Why Are the Golden Globes So Much More Fun Than the Oscars?
The 2020 Golden Globes appeared on television this past Sunday, kicking off an awards season that’s felt like a long time coming. (For those of us who live and die for tearful speeches and epic montages, anyway). The show, hosted by Ricky Gervais, was at times political, at times silly; barely any of the speeches ran too long and Tom Hanks cried! It doesn’t get much better–and this year’s Golden Globe Awards reminded us why this ceremony is pure fun. Especially when you compare it to the tough room over at the Academy Awards, which air in February. But what makes the atmosphere at the Golden Globes so light and upbeat as compared to the Oscars?
All of the Oscar nominations are for movies–you know, the fancier medium
While the Oscars limit their nominations to films and the people who worked on them, the Golden Globes offer awards for both movies and TV. Television has always been seen as the lower-culture medium. Words like “cinema” and the long tradition of film theory, history, and criticism make it all seem very high-art. While we are indeed in the Golden Age of television, and creators are doing some of their best work in that medium, it seems that film will always be placed on a cultural pedestal. Movies are meant to be seen in big, dark theaters on giant screens; it doesn’t feel quite the same as bingeing Say Yes to the Dress while housing Doritos on your couch. The fact that the Academy is film-only gives it a classier, more esteemed vibe.
On the flip side, Gervais opened the 2020 Golden Globe Awards by walking onstage with a beer and telling the audience this would be his last year hosting, and that he didn’t care. All very typical behavior of the British comedian, but he soon launched into a stream of topical, hard-hitting jokes that left no man or woman behind. Gervais went after anyone and everyone, mostly the people in the room, who were about to receive the shiny awards. But this is why Gervais gets to host the Golden Globes, and not the Oscars; the Academy doesn’t seem quite ready for a “Jeffery Epstein didn’t really kill himself” joke. Anything goes at the Globes, baby!
The Golden Globes more often than the Academy Awards, honor new, fresh faces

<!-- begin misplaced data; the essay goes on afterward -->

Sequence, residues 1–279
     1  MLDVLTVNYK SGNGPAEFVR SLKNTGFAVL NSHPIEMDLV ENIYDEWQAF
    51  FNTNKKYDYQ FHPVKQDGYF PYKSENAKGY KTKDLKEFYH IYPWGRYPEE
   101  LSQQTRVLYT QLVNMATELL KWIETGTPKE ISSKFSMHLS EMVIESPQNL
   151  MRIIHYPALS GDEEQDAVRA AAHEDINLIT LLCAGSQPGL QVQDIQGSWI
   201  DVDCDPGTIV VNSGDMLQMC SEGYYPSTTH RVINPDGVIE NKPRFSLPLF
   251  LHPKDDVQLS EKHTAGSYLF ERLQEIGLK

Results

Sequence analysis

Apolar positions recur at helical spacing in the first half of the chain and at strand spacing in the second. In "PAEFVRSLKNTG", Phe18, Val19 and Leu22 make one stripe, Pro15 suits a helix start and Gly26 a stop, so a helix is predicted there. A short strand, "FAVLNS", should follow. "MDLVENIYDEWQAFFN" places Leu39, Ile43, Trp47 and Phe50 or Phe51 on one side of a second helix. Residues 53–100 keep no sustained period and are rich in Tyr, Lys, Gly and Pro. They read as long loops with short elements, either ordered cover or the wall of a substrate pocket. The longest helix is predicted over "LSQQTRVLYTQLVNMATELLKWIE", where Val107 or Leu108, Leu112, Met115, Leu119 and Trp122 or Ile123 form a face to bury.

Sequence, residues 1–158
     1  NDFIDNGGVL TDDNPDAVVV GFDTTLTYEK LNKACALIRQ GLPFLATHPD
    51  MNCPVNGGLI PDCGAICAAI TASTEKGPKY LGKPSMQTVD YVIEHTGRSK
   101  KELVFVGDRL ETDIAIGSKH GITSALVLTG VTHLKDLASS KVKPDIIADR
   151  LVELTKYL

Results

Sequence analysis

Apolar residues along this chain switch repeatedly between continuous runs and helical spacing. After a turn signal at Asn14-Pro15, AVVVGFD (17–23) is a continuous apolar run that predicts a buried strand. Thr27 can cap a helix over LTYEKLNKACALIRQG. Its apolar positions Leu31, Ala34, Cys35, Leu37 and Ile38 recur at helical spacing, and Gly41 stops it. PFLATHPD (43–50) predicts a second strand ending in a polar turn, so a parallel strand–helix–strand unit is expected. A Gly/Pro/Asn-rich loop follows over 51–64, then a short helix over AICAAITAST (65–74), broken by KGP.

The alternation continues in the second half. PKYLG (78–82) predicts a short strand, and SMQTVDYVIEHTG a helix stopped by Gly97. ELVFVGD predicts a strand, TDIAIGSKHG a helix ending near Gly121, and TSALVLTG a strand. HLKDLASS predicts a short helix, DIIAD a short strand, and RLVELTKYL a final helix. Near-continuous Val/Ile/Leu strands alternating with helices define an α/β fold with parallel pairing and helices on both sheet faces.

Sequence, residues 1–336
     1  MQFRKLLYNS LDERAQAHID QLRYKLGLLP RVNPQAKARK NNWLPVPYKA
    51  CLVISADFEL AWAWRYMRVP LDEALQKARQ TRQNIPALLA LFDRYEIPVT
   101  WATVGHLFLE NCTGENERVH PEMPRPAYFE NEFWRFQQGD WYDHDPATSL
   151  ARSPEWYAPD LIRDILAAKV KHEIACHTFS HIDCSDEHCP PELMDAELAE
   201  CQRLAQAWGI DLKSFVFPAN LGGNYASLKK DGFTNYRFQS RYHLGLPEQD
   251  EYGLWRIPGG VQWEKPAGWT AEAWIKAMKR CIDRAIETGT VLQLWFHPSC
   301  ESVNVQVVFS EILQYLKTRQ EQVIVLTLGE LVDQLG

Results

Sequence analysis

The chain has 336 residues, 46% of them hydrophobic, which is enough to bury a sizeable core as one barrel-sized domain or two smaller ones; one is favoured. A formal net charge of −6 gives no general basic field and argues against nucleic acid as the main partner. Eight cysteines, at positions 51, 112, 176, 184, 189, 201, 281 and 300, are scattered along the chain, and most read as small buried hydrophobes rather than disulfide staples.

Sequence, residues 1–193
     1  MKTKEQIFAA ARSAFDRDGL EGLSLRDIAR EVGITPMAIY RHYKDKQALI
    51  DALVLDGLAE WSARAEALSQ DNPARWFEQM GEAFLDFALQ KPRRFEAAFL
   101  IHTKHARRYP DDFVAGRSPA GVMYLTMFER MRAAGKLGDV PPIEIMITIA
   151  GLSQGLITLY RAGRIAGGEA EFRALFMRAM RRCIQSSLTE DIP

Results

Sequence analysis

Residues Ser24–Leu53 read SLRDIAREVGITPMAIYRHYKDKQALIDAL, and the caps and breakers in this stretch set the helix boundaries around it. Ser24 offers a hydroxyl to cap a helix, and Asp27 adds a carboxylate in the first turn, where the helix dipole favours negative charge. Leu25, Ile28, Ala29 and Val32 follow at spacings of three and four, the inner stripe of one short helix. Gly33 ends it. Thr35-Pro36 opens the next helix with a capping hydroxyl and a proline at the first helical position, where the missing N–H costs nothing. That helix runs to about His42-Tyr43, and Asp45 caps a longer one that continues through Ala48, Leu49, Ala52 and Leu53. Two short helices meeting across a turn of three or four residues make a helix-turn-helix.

The Hollywood Foreign Press has a lovely tendency of awarding television shows in their first season and actors who haven’t yet broken into the mainstream. It makes for a compelling night of television; we love an underdog success story, and on that the Golden Globes almost always deliver.
It’s hard to forget the look of raw surprise and joy on Rachel Bloom’s face when she won a Golden Globe early on in the run of her TV show Crazy Ex-Girlfriend. She started off her acceptance speech screaming, “Oh my God!”
“We almost didn’t have a show!” she explained to the Golden Globes audience, stunned. Her team had produced a Crazy Ex-Girlfriend pilot, but then the network dropped the project. After six rejections in a single day, the CW eventually picked up the show–and it all paid off in awards season.
Or, remember when Gina Rodriguez won for her lead role Jane the Virgin in 2015? It’s so hard not to cry watching her passionate and emotional “I can and I will” speech. She won only after a few months of the show airing on The CW.
Rodriguez ended the speech breaking down in tears, emphatically telling her father who always encouraged her, “I can, and I did,” while holding up her Golden Globe. It’s one of the purest awards show moments in history–and you rarely see something like it at the Oscars.
The Globes upset traditional predictions by honoring the underdogs
We also can’t forget the 2014 Globes at which Brooklyn Nine-Nine, at the time a low-buzz show in its first season, won Best Television Series for Comedy. The brand new sitcom beat out award-season comedy juggernauts The Big Bang Theory, Girls, Modern Family and Parks and Recreation. As a result, the entire Brooklyn Nine-Nine table erupted in shocked elation.
Moments like this upset the predictable lineup of winners that the Emmys and the Oscars often throw all their awards at. It’s refreshing to see fresh ideas rewarded by the Golden Globes–especially after so many years of seeing Julia Louis-Dreyfus and the Game of Thrones stars sweep the awards ceremonies (which is not to say they didn’t deserve their statues).
The nominees are nervous at the Oscars, drunk at the Golden Globes
Every kid who wants to be an actor (or a writer or a director) wants to grow up and win an Oscar. A Globe would be swell, but it’s hardly anyone’s end-all, be-all goal. What does this mean for the ambiance of the awards show? That the nominees are riddled with nerves at the Academy Awards, their dream of all dreams. The Golden Globes don’t hold this kind of emotional weight, so it’s easier for the celebrities to have fun and laugh at the host’s jokes. Also, the nominees (and winners) are visibly drunk; check out the latter half of the show and the speeches start making a bit less sense.
The Oscars is often a tough room to please. The host’s and presenters’ bits tend to get tight-lipped smiles instead of full-bellied laughs. Sure, not all of the jokes are laugh-out-loud funny–but it’s also hard to feel mirth when you have Spanx suctioning your torso up to your bra line, and today might be the day you get to recite the speech you’ve been practicing in your mirror since you were seven years old–or not.
This is why the Golden Globes serve as Hollywood’s party. Gervais even closed out the show by telling the audience, “get drunk, take your drugs.” (Remember: that message was a joke, and meant for hot actors who rarely face real consequences. Don’t do drugs, kids.)
Happy awards season!